Avionics News January 2017 - 11
Africa, and the one-third of the aviation world that
utilizes an EASA-based regulatory structure. In addition,
because of the global nature of the aviation industry,
when the AEA supports the domestic membership
throughout Europe and North America, it also supports
the foreign-based EASA, FAA, and Canadian repair
stations throughout the world.
I covered the AEA meeting with the Transport Canada
leadership in the "Regulatory Update" article in the
December issue, so there is no need to repeat it here.
The meeting was successful with a positive message
that the worst of the budget challenges are behind the
agency, and Transport Canada and the Canadian aviation
industry should see a bright and hopeful 2017.
When the AEA supports rulemaking
in North America, it supports the
regulatory structure throughout Latin
America, New Zealand, and the onethird of the aviation world whose
regulatory structure is FAA centric.
At the meeting I attended with the Civil Aviation
Safety Authority of Australia in Canberra prior to the
AEA South Pacific Connect Conference, I met with the
new CASA leadership team. As you might remember,
there was a wholesale shakeup in the management
structure that we have worked with during the past
decade. Nearly everyone we worked with in the past
either retired, were made redundant (interesting term),
or transferred to another department leaving only one or
two familiar faces. The good news is that our avionics
point of contact is a familiar face, and we have worked
with him for the past few years.
The management changes have put on hold nearly
all of the regulatory transition activity. Following our
meeting, it appears that everything should get back on
track in 2017. One of the major points of discussion
was an appropriate Part 66 certification structure for
general aviation as well as an appropriate structure
for avionics technicians. As you will read about the
European activity in the next few paragraphs, the taskbased progressive avionics license designated as B2L,
whose concept originated with the AEA membership in
the South Pacific, is on short final for implementation in
Europe. The regulation has been finalized and approved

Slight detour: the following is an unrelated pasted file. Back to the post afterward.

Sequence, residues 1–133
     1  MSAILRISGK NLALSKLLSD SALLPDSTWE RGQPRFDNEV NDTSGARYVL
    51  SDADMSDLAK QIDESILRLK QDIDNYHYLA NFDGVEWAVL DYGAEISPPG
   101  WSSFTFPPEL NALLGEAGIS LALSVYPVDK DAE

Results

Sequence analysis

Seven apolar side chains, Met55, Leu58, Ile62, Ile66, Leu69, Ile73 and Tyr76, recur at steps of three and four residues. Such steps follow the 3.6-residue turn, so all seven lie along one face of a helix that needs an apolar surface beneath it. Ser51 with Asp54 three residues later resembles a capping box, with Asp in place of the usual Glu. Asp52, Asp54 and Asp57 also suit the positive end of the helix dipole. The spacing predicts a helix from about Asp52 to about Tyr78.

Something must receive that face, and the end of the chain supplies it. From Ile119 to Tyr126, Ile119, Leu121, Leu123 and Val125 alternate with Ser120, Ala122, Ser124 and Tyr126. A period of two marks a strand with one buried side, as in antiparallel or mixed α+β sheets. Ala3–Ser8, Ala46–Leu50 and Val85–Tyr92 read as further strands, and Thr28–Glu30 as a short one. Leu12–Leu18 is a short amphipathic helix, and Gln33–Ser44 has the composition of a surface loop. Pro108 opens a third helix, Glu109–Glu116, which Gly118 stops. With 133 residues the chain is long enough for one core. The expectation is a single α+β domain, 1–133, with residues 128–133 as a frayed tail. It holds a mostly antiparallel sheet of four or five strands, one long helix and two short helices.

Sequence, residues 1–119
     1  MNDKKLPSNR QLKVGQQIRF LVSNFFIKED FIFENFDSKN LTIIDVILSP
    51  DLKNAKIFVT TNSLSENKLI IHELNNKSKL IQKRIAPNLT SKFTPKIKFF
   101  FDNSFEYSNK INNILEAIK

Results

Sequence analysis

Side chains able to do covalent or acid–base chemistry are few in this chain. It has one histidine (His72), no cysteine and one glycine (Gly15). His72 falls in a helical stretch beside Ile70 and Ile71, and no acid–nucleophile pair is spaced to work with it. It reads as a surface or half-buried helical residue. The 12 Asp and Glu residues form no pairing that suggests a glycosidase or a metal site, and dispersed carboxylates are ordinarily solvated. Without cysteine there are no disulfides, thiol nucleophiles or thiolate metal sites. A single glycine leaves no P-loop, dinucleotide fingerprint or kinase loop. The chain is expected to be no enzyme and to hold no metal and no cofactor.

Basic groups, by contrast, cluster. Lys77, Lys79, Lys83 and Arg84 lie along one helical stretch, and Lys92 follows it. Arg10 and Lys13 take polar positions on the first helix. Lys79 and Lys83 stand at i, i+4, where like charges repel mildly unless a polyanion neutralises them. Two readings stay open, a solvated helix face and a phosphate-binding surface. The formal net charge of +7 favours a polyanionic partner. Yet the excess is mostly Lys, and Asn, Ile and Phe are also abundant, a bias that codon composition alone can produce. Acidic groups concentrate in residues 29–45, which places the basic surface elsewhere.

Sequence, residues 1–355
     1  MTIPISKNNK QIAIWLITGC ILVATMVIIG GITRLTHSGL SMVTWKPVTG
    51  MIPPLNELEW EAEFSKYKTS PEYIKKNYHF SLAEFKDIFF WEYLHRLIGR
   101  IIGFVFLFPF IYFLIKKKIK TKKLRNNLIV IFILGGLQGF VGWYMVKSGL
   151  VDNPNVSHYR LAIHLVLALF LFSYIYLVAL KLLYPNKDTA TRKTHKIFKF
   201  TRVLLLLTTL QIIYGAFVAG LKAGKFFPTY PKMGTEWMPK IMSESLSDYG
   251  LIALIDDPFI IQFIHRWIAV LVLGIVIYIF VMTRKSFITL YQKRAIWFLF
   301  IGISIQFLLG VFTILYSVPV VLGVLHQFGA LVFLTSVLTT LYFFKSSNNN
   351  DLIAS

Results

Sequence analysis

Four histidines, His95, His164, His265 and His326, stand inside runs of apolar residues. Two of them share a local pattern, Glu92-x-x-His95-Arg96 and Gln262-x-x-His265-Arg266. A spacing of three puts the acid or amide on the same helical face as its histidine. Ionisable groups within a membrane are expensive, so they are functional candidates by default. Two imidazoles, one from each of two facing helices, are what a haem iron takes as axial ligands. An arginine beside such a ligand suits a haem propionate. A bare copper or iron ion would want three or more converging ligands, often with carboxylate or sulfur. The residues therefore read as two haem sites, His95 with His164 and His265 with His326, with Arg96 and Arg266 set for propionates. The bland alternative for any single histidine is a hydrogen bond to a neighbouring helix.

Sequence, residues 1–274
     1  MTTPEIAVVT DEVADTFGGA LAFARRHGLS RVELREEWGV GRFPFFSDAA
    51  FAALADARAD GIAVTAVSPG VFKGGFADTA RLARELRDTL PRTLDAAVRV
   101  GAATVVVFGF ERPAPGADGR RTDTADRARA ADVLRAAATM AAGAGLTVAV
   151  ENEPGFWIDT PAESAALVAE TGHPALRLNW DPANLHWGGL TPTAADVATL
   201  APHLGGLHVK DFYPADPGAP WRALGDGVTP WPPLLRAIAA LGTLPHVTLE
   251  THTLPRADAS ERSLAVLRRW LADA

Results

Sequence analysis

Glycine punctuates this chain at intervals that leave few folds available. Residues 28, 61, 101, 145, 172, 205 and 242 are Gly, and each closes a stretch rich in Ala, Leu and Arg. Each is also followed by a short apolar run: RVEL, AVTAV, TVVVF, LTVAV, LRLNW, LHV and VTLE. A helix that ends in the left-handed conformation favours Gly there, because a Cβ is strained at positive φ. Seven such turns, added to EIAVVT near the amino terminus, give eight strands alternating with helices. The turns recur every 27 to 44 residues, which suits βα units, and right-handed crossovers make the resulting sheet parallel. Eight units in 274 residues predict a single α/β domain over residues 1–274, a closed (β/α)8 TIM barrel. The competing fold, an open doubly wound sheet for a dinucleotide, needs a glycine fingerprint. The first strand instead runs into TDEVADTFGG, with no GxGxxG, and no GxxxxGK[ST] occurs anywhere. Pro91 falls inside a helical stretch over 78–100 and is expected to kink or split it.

by the European Commission and is now awaiting
implementation that is expected by mid-2017.
In talks with the CASA, the EASA B2L model
seems to be a viable solution for one of the challenges,
and also may likely be a model for a progressivestyle licensing system for light aircraft maintenance
engineers. As the world authority on the development of
a task-based progressive engineer licensing structure, the
AEA expects to be active in the CASA rulemaking effort
in licensing both avionics and maintenance engineers.
The European activity involved two separate trips
across the Atlantic. The first of the three meetings
attended by the AEA was originally scheduled to be the
first of the SAB meetings. I know, what is SAB?
For those who follow such things, the SAB stands for
Stakeholders Advisory Body. As you know, the AEA has
been participating in the Engineering and Maintenance
subcommittee of the Safety Standards Consultative
Committee for the past decade. As the acting chair of
the subcommittee, I have been participating in the full
committee for the past couple of years. On Dec. 15,
2015, the EASA Management Board Decision published
Decision 20-2015, which combined the two separate
advisory groups, the EASA Advisory Board and the
Safety Standards Consultative Committee, into a single
advisory body of interested parties now called the
Stakeholders Advisory Body.
While the Brussels meeting in late October was
originally scheduled to be the first meeting of the
new SAB, the EASA has been unable to finalize the
membership of the SAB, so the formal acceptance of
the committee has been delayed resulting in the October
meeting being the last of the EASA Advisory Board.
The AEA was encouraged to attend this meeting as an
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